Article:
After reading the opposition speeches, my Excel table remained blank. Would they spend more or less? Make taxes higher or lower? Institute a carbon tax or not? Run down the cash reserve faster or slower? Cancel any big projects and replace them with others? Or do they agree with the broad outlines of the Yukon Party’s fiscal policy, but just want to fiddle with the list of projects the cash gets spent on?

It is a time-honoured political strategy for opposition parties to say as little as possible and hope to benefit when voters get tired of the incumbent. It may work for them. But it makes me nervous that I don’t know where the opposition leaders stand on these very important questions after reading their budget speeches.

Perhaps they will tell us more before the next election. I hope so.

Keith Halliday is a Yukon economist and author of the MacBride Museum’s Aurore of the Yukon series of historical children’s adventure novels. He won 2015’s Ma Murray award for best columnist.

Just Posted

X
WYATT’S WORLD

Wyatt’s World for June 16, 2021.… Continue reading

Chief Medical Officer of Health Dr. Brendan Hanley. (Yukon News file)
COVID-19 outbreak surges to 50 active cases in the Yukon

Officials urge Yukoners to continue following guidelines, get vaccinated

Team Yukon during the 2007 Canada Winter Games in Whitehorse. (Submitted/Sport Yukon)
Whitehorse will bid for 2027 Canada Winter Games

Bid would be submitted in July 2022

File Photo
The overdose crisis, largely driven by synthetic opioids such as fentanyl and carfentanil was the topic of an online discussion hosted by Blood Ties Four Directions Centre and the Canadian Drug Policy Coalition on June 8 and 10.
Discussion of overdose crisis in Yukon leaves participants hopeful for future

The forum brought together people including some with personal drug use and addiction experience.

The Yukon has confirmed 33 active COVID-19 cases on June 15. (file photo)
Two participants cross the finish line at the City of Whitehorse Kids Triathlon on June 12 with Mayor Dan Curtis on hand to present medals. (Stephanie Waddell/Yukon News)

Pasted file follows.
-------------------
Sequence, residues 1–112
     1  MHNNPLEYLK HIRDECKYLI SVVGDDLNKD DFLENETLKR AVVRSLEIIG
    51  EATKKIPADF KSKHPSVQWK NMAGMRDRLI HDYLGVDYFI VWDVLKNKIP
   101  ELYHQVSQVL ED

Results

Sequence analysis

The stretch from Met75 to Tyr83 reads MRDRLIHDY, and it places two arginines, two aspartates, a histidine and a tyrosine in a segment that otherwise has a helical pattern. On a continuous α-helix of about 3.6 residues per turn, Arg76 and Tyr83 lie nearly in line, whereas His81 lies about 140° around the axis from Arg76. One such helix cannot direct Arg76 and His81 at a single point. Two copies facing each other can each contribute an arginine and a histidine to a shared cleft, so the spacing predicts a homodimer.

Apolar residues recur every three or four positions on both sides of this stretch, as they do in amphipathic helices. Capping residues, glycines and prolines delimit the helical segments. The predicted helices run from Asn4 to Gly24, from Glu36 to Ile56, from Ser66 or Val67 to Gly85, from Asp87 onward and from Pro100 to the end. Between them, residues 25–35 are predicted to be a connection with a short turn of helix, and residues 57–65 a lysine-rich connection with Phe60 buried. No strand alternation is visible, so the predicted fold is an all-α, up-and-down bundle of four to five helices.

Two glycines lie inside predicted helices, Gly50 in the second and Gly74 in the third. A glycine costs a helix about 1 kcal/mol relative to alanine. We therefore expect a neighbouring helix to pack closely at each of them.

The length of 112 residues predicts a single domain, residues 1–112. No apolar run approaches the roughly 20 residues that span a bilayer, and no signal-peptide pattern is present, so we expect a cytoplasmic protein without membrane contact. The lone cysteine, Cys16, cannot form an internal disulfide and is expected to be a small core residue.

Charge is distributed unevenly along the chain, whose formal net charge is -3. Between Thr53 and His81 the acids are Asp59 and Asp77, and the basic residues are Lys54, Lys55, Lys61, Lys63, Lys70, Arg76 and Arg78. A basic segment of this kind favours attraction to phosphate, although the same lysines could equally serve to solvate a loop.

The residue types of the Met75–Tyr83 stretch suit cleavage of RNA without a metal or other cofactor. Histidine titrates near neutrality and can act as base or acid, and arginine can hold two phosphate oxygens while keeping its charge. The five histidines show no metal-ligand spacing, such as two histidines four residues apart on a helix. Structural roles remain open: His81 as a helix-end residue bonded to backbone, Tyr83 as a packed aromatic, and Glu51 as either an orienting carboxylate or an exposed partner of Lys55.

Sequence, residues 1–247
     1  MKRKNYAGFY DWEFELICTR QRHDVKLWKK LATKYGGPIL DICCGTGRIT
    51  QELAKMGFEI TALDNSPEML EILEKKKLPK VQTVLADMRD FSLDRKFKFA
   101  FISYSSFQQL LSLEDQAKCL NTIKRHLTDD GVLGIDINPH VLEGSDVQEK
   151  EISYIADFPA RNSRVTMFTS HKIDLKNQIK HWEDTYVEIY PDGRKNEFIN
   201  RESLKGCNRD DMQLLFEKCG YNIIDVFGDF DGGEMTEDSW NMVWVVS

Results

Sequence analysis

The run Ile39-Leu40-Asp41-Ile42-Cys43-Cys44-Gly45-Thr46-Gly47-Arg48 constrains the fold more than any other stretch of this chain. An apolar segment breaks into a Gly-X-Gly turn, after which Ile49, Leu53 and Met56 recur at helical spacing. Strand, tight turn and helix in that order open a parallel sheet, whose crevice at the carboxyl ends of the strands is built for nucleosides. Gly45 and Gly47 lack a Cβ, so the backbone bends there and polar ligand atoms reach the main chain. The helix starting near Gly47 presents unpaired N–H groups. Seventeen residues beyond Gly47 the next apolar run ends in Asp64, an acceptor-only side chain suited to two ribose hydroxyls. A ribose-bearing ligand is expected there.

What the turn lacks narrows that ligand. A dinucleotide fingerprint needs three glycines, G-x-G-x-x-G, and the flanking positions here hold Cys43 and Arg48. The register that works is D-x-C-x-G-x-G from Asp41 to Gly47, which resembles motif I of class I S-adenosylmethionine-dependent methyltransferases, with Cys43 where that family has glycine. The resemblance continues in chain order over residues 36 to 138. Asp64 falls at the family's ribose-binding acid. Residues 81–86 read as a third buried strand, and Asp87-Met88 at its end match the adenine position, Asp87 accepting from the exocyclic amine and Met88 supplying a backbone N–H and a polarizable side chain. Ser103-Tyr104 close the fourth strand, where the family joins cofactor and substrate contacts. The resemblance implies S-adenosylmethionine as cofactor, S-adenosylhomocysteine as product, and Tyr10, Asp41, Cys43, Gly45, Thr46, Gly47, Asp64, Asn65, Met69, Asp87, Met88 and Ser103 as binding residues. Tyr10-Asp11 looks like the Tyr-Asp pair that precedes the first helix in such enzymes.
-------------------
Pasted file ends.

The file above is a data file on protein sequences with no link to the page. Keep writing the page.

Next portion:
2021 Kids’ Triathlon draws 76 young athletes

Youth ages five to 14 swim, run and bike their way to finish line

Lily Witten performs her Canadian Nationals beam routine on June 14. John Tonin/Yukon News
Three Yukon gymnasts break 20-year Nationals absence

Bianca Berko-Malvasio, Maude Molgat and Lily Witten competed at the Canadian Nationals – the first time in 20 years the Yukon’s been represented at the meet

For the second year running, the Yukon Quest will not have 1,000 mile race. Crystal Schick/Yukon News
The Yukon Quest will be two shorter distance events instead of a 1,000 mile race

After receiving musher feeback, the Yukon Quest Joint Board of Directors to hold two shorter distances races instead of going forward with the 1,000 mile distance

Western and Northern premiers met this week to discuss joint issues. (Joe Savikataaq/Twitter)
Premiers meet at Northern Premiers’ Forum and Western Premiers’ Conference

Nunavut Premier Joe Savikataaq virtually hosted both meetings this year

The sun sets over Iqaluit on Oct. 26, 2020. Nunavut’s chief public health officer says two COVID-19 cases at Iqaluit’s middle school came from household transmission and the risk to other students is low. (Emma Tranter/Canadian Press)
Iqaluit school’s contacts and classmates cleared after two COVID-19 cases

With an outbreak ongoing in Iqaluit, the Aqsarniit middle school has split students into two groups

An extended range impact weapon is a “less lethal” option that fires sponge or silicon-tipped rounds, according to RCMP. (File photo)
Whitehorse RCMP under investigation for use of “less lethal” projectile weapon during arrest

Police used the weapon to subdue a hatchet-wielding woman on June 4

Sean Kilpatrick/Canadian Press
Citizenship Minister Marco Mendicino holds a press conference in Ottawa on Nov. 12, 2020. The federal government is announcing that Indigenous people can now apply to reclaim their names on passports and other government documents.
Indigenous people can now reclaim traditional names on their passports and other ID

The move comes in response to a call to action from the Truth and Reconciliation Commission in 2015

Teslin Lake is one of two bodies of water the Yukon Government has place on flood watch. (Google Maps Image)
Flood watch issued for Teslin Lake, Yukon River at Carmacks

The bodies of water may soon burst their banks due to melting snow and rainfall

Most Read